Phidgets Connectors

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Phidget boards employ a variety of connectors. The classic green terminal block, for example, is a straightforward way to connect loose wires for purposes like digital outputs or power inputs. The 3-wire black molex connector, however, is found on two very different ports on Phidgets devices, despite having an identical appearance.

This page exists to describe the differences between these two ports, as well as the software objects behind them.

Physical Connectors

Phidgets Analog Input

Analog input port.jpg

Phidgets Analog Inputs are designed to connect to simple sensors that report their data in the form of a 0-5V analog signal. There are two types of sensors that fall under this category: Ratiometric and Non-Ratiometric. Each Analog Input channel can be opened with either the VoltageRatioInput object or the VoltageInput object, thus supporting these two different types of sensors.

Phidgets VINT Hub Port

Vint hub port.jpg

Phidgets VINT Hub Ports are primarily designed to connect to Phidgets VINT devices, which can be sensors, controllers, adapters, or data acquisition units. VINT devices use a digital protocol to communicate their data back to the VINT Hub via the VINT Hub Port.

Each VINT Hub Port can also be opened with the following objects:

You can determine whether a Phidget has VINT ports or Analog Inputs by reading the product description on that Phidget's page on our website.

Software Objects

VoltageRatioInput

VoltageRatioSensor Example.jpg

Ratiometric sensors output a signal that is proportional to the amount of voltage used to power them. For example, a 0-100°C ratiometric temperature sensor that is powered by a 4.5V supply will output a voltage signal proportional to that 4.5V. So if it's measuring 50°C, which is half of it's full measurement range, it would output 2.25V (half of 4.5V). If the power supply to this sensor changes even slightly, that 2.25V signal will also change slightly. Thus, in order to read a ratiometric sensor properly, you must constantly compare the voltage signal reported by the sensor to the voltage of the power supply that's powering the sensor.

In the case of a Phidgets Analog Input or VINT Hub Port, opening the device in VoltageRatioInput mode will automatically handle this, and provide you with a voltage ratio which ranges from 0 to 1 V/V (volts per volt). '0' denotes that the sensor is sending back a signal that is 0% of the voltage it's being provided, and '1' denotes that the sensor is sending back a signal that is 100% of the voltage it's being provided. In the temperature sensor example described earlier, the VoltageRatioInput object will report a ratio of 0.5 V/V, since 2.25V is half of 4.5V. You can use this ratio in combination with a formula from the sensor's datasheet or User Guide in order to convert it into the proper units.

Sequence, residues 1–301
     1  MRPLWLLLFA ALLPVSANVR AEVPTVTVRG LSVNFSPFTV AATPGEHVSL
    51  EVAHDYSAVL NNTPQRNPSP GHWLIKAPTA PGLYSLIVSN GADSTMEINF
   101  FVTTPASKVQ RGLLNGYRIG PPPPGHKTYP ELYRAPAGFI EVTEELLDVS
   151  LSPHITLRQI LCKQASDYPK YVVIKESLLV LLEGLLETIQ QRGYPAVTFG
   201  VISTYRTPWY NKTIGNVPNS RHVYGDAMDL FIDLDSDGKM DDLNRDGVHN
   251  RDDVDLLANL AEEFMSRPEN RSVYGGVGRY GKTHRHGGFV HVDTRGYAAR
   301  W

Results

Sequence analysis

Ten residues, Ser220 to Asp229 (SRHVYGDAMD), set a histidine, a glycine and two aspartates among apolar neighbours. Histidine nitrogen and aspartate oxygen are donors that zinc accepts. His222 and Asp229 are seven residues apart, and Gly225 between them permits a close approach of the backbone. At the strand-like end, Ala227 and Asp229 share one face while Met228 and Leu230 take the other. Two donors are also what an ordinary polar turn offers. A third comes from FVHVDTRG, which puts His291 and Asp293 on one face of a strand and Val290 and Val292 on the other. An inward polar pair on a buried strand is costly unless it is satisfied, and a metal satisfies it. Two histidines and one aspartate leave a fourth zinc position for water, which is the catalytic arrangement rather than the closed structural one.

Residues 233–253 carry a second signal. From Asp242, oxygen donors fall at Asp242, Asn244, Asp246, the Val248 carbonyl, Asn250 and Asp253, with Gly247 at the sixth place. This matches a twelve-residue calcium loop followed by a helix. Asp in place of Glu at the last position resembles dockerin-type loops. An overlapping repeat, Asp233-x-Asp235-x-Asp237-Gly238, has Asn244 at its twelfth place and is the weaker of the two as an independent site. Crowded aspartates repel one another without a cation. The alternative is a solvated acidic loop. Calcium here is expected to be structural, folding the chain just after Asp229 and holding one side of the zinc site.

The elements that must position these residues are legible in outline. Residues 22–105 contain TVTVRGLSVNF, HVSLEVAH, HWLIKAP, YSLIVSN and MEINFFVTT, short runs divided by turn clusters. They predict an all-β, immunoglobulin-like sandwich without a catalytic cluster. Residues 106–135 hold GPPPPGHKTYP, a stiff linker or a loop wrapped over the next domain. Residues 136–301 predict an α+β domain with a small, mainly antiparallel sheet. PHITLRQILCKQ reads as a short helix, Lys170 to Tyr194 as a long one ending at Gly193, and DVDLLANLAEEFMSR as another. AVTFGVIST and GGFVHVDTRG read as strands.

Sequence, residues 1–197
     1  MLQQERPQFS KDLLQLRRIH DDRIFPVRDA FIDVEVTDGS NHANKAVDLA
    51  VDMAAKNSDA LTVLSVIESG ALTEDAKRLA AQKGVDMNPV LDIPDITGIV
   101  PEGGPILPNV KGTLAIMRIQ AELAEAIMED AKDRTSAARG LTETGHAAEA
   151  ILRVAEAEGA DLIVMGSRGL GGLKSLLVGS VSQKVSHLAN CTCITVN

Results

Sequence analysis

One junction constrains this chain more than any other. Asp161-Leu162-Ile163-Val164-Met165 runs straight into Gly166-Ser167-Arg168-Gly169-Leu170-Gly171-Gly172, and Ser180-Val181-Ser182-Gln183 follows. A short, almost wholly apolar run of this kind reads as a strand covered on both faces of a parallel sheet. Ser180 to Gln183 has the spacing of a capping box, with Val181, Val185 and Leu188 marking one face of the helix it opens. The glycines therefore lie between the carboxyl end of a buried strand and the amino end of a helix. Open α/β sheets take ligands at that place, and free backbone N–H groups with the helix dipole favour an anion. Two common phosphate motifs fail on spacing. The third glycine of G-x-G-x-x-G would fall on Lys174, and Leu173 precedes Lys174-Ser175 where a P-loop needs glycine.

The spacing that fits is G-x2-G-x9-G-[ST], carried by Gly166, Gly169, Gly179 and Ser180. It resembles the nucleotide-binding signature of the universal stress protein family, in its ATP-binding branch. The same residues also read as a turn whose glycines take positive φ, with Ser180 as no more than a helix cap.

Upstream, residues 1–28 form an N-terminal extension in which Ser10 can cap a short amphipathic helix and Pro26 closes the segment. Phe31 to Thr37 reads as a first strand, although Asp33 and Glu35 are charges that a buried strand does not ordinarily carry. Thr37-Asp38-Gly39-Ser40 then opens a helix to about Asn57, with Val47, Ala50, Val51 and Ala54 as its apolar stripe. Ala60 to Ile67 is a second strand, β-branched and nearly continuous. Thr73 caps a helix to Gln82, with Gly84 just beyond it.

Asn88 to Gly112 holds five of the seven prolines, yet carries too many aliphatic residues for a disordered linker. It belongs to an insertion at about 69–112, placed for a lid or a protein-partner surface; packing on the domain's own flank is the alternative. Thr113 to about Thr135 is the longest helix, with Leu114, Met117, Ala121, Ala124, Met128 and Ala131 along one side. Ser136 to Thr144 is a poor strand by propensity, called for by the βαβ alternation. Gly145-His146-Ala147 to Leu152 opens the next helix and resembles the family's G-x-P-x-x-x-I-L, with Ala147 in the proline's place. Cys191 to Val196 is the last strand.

For any sensors sold at Phidgets, you can set the SensorType property to have this conversion done automatically, since the libraries are loaded with all of the equations. Have a look at the SensorType enumeration in the Phidget22 API for a complete list of sensors that this can be done with.

VoltageInput

VoltageInputSensor Example.jpg

Non-Ratiometric sensors, on the other hand, don't care about how much voltage is being supplied to them, as long as it's within the specified range required to power them. This is because the sensor has a built-in regulator to ensure that it's getting a more-or-less steady supply.

To interface a non-ratiometric sensor, you can open your Phidgets Analog Input or VINT Hub port in VoltageInput mode, and you'll simply get data from the sensor in the form of a 0-5 volt value. Again, you can convert this voltage into a useful value using the equation found in the sensor's datasheet or User Guide.

For any sensors sold at Phidgets, you can set the SensorType property to have this conversion done automatically, since the libraries are loaded with all of the equations. Have a look at the SensorType enumeration in the Phidget22 API for a complete list of sensors that this can be done with.

DigitalInput

DigitalInputAL Example.jpg

The DigitalInput software object is used to interface with switches or sensors with a boolean (yes-or-no) output. When you open a VINT port in DigitalInput mode, the white wire on the Phidget cable is used as the digital input, while the red and black wires remain as +5V power and ground, respectively.

DigitalOutput

DigitalOutput Example.jpg

The DigitalOutput software object is used with LEDs and other small, low-power electronics. A VINT port in DigitalOutput mode can provide 3.3V when active and 0V when inactive. The white wire on the Phidget cable is the digital output, and the red and black wires remain as +5V power and ground, respectively.